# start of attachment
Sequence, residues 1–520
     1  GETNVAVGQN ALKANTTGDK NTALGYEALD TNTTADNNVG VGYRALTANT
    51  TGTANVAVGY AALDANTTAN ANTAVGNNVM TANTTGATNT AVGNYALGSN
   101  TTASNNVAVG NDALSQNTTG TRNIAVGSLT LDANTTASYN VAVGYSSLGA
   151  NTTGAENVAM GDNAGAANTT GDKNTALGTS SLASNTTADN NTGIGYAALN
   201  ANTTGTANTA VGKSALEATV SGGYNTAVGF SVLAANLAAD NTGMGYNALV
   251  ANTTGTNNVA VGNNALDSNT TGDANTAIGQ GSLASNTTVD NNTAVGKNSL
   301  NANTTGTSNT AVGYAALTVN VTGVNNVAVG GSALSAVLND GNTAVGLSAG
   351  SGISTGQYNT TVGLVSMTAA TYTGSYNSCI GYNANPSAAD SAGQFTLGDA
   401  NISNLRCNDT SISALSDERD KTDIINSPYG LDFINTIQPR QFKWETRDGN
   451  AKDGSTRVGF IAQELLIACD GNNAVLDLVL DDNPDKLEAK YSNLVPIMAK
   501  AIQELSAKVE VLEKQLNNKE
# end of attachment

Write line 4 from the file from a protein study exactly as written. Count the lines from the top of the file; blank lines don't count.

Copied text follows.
   101  TTASNNVAVG NDALSQNTTG TRNIAVGSLT LDANTTASYN VAVGYSSLGA